# Why does energy of first excited state decrease as two finite square wells move apart?

Suppose I have two finite square wells of potential $$-V_0$$ and lengths $$a$$. Let their separation (symmetric with respect to the origin) be $$b$$. When $$b=0$$, the two square wells combine to form a large square well of size $$2a$$; the first excited state is thus a sine wave in the well with exponential decay outside. As we increase $$b$$ and the two wells move apart, the wave function of the first excited state first looks like $$\sinh(x)$$ between the two wells, and then as $$b$$ is really big, we basically have two humps where the two wells are, one below the $$x$$-axis and one above, with lots of decay in the middle.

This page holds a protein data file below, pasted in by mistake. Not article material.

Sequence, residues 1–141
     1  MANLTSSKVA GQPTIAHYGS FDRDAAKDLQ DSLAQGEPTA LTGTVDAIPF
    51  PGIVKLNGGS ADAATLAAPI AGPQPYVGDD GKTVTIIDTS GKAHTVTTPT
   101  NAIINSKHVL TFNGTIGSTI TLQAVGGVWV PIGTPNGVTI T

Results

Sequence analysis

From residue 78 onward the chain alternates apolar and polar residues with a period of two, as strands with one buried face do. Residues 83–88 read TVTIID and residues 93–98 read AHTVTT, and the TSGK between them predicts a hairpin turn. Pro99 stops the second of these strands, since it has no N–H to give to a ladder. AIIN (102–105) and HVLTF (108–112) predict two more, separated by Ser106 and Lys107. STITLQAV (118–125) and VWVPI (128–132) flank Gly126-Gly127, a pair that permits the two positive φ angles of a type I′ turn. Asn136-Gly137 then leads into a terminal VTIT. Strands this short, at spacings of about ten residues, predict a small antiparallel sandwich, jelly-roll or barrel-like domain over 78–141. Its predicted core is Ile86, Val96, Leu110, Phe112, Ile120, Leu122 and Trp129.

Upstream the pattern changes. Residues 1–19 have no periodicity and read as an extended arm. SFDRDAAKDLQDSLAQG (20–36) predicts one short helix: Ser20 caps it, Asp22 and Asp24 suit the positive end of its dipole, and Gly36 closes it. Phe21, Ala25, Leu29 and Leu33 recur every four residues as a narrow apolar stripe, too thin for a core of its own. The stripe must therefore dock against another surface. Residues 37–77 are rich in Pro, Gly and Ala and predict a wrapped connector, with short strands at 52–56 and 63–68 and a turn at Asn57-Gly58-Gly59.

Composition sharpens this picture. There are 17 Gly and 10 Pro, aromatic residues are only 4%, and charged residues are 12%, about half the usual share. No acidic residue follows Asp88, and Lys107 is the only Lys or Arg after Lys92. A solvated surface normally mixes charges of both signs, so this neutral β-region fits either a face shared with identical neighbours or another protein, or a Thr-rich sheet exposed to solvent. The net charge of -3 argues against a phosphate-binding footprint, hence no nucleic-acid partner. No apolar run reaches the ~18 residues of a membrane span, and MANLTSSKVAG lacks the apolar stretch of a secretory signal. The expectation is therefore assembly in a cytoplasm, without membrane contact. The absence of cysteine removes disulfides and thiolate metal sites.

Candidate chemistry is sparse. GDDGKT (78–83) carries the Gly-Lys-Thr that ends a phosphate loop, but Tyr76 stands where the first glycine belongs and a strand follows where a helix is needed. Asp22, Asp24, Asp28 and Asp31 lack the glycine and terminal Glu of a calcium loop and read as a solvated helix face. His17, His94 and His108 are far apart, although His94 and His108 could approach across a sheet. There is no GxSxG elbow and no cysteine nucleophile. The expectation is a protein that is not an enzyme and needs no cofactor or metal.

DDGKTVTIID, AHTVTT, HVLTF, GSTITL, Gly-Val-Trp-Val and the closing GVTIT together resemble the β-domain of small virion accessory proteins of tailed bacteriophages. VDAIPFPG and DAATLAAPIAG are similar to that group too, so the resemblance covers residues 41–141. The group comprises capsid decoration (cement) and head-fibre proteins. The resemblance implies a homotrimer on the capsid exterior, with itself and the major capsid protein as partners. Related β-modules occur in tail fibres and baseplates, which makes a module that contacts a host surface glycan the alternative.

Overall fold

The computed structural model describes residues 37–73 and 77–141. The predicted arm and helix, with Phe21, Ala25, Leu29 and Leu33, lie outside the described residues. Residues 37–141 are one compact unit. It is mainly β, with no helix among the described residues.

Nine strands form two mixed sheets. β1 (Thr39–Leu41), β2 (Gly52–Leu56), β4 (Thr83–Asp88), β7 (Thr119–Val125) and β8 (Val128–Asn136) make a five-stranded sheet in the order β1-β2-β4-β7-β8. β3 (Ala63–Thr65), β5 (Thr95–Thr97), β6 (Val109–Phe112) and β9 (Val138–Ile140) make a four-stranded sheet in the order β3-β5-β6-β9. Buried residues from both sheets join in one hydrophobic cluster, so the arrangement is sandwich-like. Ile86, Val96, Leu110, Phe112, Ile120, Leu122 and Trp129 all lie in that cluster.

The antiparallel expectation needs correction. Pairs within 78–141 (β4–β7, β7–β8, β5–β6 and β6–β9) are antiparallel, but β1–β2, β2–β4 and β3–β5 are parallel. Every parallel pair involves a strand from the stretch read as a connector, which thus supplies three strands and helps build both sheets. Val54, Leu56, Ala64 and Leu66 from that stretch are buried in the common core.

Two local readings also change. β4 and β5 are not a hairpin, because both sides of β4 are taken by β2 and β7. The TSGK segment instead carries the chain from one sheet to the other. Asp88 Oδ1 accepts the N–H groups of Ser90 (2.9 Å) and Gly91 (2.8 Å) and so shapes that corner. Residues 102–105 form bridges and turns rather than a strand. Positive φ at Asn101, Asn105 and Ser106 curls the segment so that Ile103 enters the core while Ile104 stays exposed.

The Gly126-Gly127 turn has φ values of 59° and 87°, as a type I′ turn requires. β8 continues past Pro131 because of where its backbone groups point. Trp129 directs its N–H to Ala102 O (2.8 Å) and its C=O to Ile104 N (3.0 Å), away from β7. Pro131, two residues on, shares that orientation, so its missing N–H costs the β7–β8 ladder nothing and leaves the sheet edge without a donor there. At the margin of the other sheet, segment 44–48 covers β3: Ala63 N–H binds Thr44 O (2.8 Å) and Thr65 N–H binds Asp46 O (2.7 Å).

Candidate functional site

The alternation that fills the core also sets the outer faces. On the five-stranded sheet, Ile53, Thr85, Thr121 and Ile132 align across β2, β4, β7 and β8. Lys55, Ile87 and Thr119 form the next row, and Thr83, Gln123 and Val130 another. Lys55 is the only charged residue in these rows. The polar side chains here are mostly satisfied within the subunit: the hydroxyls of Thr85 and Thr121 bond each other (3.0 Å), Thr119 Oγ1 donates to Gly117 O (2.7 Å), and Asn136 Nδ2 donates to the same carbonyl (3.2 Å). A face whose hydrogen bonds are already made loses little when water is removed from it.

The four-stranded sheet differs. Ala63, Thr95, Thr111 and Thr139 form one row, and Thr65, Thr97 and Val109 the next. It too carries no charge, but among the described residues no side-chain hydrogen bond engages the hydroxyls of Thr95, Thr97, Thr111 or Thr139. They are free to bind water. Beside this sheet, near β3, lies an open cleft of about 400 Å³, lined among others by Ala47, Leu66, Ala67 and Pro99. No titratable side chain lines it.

I am wondering, without any technical calculations, how I could tell that as $$b$$ increases, the energy of the first excited state decreases. I think this is possible to do by looking at the curvature of the wave functions, but it isn't clear to me at all that the sine wave has more "curvature" than the humps placed far away. Is there a way to tell that?

• I give here an exact solution for two Dirac wells and a discussion (in fact, it is a possible duplicate): physics.stackexchange.com/a/670706/247642 Commented Oct 20, 2021 at 12:53

3. L.D. Landau & E.M. Lifshitz, QM, Vol. 3, 2nd & 3rd ed, 1981; $$\S50$$ problem 3.